7. Chellew, K., Evans, P., Fornes-Vives, J., Perez, G., & Garcia-Banda, G. (2015). The effect of progressive muscle relaxation on daily cortisol secretion. Stress, 18, 538-544.

  8. Bishop, S.R., Lau, M., Shapiro, S., Carlson, L., Anderson, N.D., Carmody, J., . . ., Devins, G. (2004). Mindfulness: A proposed operational definition. Clinical Psychology: Science and Practice, 11, 230–241 

  9. Brotto, L. A. (2013). Mindful sex. The Canadian Journal of Human Sexuality, 22, 63-68. 

  10. Guilliams, T. G., & Edwards, L. (2010). Chronic stress and the HPA axis. The Standard, (2), 1-12.

  11. David, D., Cristea, I., & Hofmann, S. G. (2018). Why cognitive behavioral therapy is the current gold standard of psychotherapy. Frontiers in psychiatry, 9, 4.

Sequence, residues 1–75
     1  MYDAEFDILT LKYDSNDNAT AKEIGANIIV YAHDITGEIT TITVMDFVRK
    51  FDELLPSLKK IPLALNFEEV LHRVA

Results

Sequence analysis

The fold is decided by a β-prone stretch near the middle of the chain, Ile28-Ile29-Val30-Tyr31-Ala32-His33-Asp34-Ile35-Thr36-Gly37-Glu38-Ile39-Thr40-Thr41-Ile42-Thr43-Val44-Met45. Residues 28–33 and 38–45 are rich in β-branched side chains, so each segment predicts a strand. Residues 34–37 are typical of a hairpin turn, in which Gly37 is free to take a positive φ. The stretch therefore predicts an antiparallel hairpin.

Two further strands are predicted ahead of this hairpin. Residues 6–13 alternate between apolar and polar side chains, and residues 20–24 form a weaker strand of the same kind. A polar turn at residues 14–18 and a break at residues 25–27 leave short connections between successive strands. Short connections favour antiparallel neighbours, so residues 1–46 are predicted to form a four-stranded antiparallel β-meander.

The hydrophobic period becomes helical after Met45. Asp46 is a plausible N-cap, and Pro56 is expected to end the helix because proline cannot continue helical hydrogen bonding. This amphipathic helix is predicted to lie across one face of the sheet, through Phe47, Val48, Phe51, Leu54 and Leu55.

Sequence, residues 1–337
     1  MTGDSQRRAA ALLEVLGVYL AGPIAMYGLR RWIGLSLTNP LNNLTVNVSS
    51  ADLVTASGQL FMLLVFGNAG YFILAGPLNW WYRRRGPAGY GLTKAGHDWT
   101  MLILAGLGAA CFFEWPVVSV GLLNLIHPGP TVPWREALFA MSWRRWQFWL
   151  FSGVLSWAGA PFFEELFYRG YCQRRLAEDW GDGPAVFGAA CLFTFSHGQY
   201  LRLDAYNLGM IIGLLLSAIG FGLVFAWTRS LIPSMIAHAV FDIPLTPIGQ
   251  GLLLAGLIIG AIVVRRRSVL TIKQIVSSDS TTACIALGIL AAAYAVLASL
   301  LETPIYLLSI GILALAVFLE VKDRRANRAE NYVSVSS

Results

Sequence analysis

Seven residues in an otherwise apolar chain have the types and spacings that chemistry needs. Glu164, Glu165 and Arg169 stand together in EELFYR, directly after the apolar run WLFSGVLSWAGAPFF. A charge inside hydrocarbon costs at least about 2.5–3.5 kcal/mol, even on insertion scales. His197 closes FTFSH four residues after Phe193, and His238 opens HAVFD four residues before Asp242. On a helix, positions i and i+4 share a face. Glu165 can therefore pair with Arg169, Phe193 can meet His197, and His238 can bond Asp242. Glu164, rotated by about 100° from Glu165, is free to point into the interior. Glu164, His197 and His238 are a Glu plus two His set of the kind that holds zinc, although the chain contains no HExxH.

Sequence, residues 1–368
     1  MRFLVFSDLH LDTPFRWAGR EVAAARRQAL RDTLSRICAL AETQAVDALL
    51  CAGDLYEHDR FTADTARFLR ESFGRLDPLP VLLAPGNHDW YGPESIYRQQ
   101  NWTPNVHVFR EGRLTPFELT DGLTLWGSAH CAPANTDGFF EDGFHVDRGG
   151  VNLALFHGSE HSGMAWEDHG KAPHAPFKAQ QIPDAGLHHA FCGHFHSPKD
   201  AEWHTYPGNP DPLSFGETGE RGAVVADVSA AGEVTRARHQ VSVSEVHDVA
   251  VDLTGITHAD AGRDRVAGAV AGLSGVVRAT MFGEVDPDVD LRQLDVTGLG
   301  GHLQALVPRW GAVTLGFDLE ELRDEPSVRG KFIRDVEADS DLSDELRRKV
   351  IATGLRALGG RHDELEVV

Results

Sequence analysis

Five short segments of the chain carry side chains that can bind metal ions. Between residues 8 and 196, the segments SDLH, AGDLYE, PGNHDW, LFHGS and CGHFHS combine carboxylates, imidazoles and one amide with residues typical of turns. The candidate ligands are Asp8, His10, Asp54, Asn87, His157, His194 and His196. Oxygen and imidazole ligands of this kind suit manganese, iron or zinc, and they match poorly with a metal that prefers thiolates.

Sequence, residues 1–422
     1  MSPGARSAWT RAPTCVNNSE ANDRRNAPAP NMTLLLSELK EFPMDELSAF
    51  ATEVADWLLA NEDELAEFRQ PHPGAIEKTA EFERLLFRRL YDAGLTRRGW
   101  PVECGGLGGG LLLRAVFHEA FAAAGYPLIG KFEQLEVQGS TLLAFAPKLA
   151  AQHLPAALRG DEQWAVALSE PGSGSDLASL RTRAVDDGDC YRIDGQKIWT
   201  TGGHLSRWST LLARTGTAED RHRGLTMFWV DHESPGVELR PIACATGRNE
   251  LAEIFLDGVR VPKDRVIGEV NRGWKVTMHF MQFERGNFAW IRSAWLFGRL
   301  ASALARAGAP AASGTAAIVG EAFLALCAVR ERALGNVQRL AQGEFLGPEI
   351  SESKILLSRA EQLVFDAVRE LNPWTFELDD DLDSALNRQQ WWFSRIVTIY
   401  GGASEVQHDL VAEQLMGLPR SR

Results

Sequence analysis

12. Porto, P. R., Oliveira, L., Mari, J., Volchan, E., Figueira, I., & Ventura, P. (2009). Does cognitive behavioral therapy change the brain? A systematic review of neuroimaging in anxiety disorders. The Journal of Neuropsychiatry and Clinical Neurosciences, 21, 114-125.

  13. Chrousos, G., Vgontzas, A. N., & Kritikou, I. (2016). HPA axis and sleep. In Endotext [Internet]. MDText. com, Inc..

  14. Abell, J. G., Shipley, M. J., Ferrie, J. E., Kivimäki, M., & Kumari, M. (2016). Recurrent short sleep, chronic insomnia symptoms and salivary cortisol: A 10-year follow-up in the Whitehall II study. Psychoneuroendocrinology, 68, 91-99.

  15. Späth-Schwalbe, E., Gofferje, M., Kern, W., Born, J., & Fehm, H. L. (1991). Sleep disruption alters nocturnal ACTH and cortisol secretory patterns. Biological Psychiatry, 29, 575-584.